This month I address another popular chest exercise, the incline press. As you know, the incline press is typically performed with a bar, dumbbells or a Smith machine. What you may not know is that the exercise is a bit unique with regard to injuries and development.
Many incline benches are fixed at a certain angle, usually somewhere between 45 and 60 degrees. Adjustable free benches can usually be moved from 20 to 90 degrees and are usually used for dumbbell inclines and Smith-machine inclines.
There is an unusual relationship between the incline press and the bench press. Trainees appear to be divided into two groups: those who can bench-press without pain but have pain when they do the incline press and those who have tremendous shoulder pain when bench pressing yet can incline-press pain free. No one knows why, but we see it in the gym routinely. There are a few theories about treating the pain and about the modifications of the incline press that may work or may only work for a while.
Trainees often give up the incline barbell press due to shoulder pain. The typical alternative is dumbbell inclines performed on an adjustable bench, which provides two ways to find less pain. One is that you can turn the dumbbells away from the fixed barbell position and find a more comfortable position. A new problem can arise when you turn your wrists so that the palms face each other because that allows you to lower the dumbbells beyond your chest.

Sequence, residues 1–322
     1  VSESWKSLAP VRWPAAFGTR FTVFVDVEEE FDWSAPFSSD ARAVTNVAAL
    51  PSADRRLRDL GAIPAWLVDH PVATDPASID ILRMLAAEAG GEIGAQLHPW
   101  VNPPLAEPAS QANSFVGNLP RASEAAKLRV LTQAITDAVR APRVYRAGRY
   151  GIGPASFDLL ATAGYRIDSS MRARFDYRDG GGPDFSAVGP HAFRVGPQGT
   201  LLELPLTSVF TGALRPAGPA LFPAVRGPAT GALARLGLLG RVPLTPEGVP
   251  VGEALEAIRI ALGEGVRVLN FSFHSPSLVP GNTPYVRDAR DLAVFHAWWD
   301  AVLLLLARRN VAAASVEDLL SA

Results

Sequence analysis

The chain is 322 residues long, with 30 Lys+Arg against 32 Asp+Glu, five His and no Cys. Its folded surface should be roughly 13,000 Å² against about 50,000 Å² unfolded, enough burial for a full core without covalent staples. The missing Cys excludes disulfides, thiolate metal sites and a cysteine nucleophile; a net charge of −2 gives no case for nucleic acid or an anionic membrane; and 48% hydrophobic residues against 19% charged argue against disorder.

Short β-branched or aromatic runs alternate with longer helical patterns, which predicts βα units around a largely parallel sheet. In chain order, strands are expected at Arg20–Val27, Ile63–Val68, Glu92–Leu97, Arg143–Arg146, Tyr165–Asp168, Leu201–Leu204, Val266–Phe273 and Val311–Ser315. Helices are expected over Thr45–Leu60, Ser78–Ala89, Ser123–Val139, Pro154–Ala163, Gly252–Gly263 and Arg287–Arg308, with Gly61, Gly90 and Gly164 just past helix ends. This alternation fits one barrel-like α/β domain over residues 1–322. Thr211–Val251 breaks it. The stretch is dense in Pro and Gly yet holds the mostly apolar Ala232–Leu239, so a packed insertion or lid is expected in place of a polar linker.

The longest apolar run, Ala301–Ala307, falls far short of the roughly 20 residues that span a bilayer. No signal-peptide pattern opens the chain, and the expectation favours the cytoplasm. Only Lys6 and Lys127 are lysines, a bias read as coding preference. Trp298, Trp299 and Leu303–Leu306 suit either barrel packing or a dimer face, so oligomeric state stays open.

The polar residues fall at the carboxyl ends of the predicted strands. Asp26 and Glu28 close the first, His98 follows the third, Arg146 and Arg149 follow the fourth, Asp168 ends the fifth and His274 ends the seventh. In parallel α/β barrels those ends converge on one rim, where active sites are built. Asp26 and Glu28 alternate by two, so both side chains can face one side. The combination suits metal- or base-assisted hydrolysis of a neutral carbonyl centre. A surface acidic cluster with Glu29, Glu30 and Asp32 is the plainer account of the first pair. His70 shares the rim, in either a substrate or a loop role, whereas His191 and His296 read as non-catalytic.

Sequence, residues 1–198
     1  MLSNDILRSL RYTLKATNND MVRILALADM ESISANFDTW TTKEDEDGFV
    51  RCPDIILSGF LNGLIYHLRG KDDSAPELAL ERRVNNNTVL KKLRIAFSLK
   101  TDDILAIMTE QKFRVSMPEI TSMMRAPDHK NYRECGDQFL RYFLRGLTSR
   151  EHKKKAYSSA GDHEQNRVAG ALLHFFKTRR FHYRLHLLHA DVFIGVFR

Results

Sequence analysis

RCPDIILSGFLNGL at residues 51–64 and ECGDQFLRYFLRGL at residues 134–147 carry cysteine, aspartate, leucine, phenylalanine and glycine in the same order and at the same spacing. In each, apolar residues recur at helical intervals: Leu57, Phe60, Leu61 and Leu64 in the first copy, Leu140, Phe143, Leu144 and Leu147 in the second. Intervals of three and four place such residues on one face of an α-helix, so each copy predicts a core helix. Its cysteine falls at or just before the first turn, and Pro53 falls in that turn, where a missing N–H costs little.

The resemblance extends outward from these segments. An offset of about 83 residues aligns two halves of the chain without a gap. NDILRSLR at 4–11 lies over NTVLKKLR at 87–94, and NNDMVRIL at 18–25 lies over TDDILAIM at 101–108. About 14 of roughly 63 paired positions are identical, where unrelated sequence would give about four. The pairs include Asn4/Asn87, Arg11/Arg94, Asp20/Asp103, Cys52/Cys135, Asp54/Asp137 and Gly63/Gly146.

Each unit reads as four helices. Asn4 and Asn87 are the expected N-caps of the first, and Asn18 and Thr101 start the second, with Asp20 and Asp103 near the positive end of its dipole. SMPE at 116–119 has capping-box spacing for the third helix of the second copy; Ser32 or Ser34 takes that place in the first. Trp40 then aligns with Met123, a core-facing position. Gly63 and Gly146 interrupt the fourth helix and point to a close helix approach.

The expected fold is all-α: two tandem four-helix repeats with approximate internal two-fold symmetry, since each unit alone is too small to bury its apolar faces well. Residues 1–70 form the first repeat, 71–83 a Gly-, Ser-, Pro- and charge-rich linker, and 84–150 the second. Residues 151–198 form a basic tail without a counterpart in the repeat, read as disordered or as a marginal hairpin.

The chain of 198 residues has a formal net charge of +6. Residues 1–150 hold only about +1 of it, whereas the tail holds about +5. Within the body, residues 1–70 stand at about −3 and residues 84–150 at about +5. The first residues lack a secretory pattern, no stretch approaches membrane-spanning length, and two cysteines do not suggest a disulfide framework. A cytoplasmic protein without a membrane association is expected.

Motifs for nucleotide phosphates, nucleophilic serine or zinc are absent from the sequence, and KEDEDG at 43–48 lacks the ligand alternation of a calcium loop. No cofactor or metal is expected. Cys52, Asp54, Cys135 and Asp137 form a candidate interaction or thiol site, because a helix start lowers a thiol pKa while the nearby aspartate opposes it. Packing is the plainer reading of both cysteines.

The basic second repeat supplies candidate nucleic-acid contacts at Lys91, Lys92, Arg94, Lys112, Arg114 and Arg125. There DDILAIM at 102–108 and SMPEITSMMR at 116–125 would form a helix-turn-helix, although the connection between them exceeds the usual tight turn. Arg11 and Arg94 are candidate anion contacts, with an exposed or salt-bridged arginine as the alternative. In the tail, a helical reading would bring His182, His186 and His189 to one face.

Some will say that’s a good stretch and will bring better muscle growth. There is some truth to that, but other factors are at play. The extreme stretch and range of motion can stress the labrum, a cartilage ring that surrounds the shoulder socket, and contribute to a tear of the labrum or aggravate an existing tear. Labral tears can make the shoulder very painful during incline presses, bench presses, flyes and even pushups. Those who have pushed their shoulder stretch and range of motion for many years may have overstretched the ligaments in the front of the shoulder, which creates shoulder instability. The various bench press motions will hurt the shoulder if the ligaments are overstretched.
What are the solutions for incline-press-related shoulder pain? The first is to try the dumbbell incline press, as noted above. Be very careful of how low you bring the dumbbells. Either let your palms face each other and don’t let the dumbbells put a maximum stretch on your pecs, or keep the dumbbells in the same position as a bar so they hit your chest and prevent excessive shoulder stretch. One of those variations may help reduce the shoulder pain and keep you pressing.
The other solution is to use an adjustable bench. Some trainees will find that a more subtle angle, such as 30 degrees, can stop all of the pain. Others may find 60 degrees or more to be tolerable. If you try using dumbbells with different hand positions and combine that with various angles on the incline bench, you will most likely find a way to keep performing the incline press.
As with any lift, there are always those who seem to excel no matter what problems others may have. Great incline performers of the past include strongmen Steve Merjanian and David Paul, who had max incline presses of 500 pounds. Legendary bodybuilder Casey Viator also performed that weight. A 181-pound class powerlifter, Pat Neve, performed an incline of 410 pounds, and I’ve seen a 198-pound Olympic weightlifter perform a 390-pound 80 degree incline press.
Train smart, then train hard.
Editor’s note: Visit www.SoftTissueCenter.com for reprints of Horrigan’s past Sportsmedicine columns that have appeared in IRON MAN. You can order the books, Strength, Conditioning and Injury Prevention for Hockey by Joseph Horrigan, D.C., and E.J. “Doc” Kreis, D.A., and the 7-Minute Rotator Cuff Solution by Horrigan and Jerry Robinson from Home Gym Warehouse, (800) 447-0008 or at www.Home-Gym.com.